But when a project is too risky, or too important to be handled by nonexperts, many finance chiefs say they won’t hesitate to buy what they need. Jack Judd, CFO of data storage provider Compellent, says he never considered using internal staff to organize tax records and plot tax strategy as the New York Stock Exchange–traded company approaches profitability. That approach would have been “very impractical” given that his small staff lacks a tax expert, and could have resulted in lost tax savings if the job wasn’t done right, he says.
Likewise, Sentinel Group CFO Ryan Ziemann hired IBM (and its software) to help amplify the company’s ability to detect fraud in medical claims, its main business line. “We theoretically could have developed this in-house, but it would have taken years of commitment and resources. The value lies in getting deep knowledge and expertise, plus avoiding pitfalls” that can be costly in themselves, says Ziemann.
Finding the right consultant is decision number two, and arguably the most difficult one. Many CFOs say they rely primarily on references from their colleagues to identify, and then interview, three or four firms. Then they contact more-formal references as they narrow down the process. Doing this well takes no little effort, however. ModusLink Global Solutions CFO Steve Crane says he always does reference checks to make sure that a consultant has some experience, but he also always worries about getting overly optimistic reports from company-provided sources. To help cut to the chase and uncover any glitches that may have occurred, Crane likes to ask: “What did you learn from the project that you’d want to do differently next time?”
A Piece at a Time
Happily, the consequences of hiring the wrong consultant are smaller than ever, as most projects these days are structured into discrete phases so that each part is, in a sense, a trial run. “Put off that long-term commitment as long as possible, and at least until you’ve seen the results of the upfront work,” advises Ziemann. He says it is particularly important to push back when firms ask for upfront fees or the promise of more work if initial milestones are met, since you may decide along the way that “even if they met their milestones, it was more pain than it was worth.”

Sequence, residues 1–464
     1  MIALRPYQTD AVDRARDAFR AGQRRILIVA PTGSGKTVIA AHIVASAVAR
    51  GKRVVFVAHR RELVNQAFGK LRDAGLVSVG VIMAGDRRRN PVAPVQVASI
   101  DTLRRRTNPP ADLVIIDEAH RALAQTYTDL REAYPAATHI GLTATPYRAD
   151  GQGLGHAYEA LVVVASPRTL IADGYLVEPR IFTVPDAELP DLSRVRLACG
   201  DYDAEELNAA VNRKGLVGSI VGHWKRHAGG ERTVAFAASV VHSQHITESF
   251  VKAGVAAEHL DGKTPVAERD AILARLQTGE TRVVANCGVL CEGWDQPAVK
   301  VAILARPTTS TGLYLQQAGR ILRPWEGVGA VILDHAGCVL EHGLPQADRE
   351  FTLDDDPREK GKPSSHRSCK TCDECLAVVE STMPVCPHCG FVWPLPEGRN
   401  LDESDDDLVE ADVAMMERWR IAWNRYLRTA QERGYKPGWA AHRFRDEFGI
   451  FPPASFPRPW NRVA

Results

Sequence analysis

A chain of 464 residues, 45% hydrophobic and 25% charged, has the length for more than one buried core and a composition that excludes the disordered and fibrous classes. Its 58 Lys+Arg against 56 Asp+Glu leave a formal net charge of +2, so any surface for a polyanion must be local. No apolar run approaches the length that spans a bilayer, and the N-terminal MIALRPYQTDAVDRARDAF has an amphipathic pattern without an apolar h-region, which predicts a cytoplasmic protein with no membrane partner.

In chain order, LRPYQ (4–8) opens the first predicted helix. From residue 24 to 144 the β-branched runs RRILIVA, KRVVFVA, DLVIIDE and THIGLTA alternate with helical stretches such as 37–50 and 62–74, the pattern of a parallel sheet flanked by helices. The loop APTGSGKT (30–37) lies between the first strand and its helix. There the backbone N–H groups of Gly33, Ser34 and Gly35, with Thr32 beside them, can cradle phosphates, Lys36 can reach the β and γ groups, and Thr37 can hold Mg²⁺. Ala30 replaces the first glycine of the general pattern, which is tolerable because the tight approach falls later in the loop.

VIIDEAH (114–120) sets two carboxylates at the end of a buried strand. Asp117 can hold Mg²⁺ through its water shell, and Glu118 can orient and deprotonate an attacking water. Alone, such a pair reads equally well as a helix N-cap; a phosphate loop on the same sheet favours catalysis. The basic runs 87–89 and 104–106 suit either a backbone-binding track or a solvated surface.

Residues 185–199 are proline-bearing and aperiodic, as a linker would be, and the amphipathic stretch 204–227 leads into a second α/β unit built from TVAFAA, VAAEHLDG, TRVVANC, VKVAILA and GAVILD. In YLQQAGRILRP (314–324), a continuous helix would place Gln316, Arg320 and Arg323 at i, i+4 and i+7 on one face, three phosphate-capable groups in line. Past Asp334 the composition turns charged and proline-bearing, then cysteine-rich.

Structuring a consulting project into phases is the approach CFO Karen Cambray is taking at Zeemote, a small private company that manufactures and distributes gaming controllers for cell phones. Zeemote was in the process of readying products for sale in Europe when Cambray joined in September 2008, and she wanted to make sure the legal aspects were addressed properly. While she “could have spent a lot of time researching and networking” to get the answers, she decided she was safer using outside help and hired High Street Partners. While there was not, in fact, much wiggle room on the rate, Cambray kept a lid on costs by initially hiring the consultancy only to write a white paper on the pros and cons of setting up an office in various countries. Then, satisfied with that, she hired High Street to help with the administrative work of registering in the United Kingdom, the country she chose.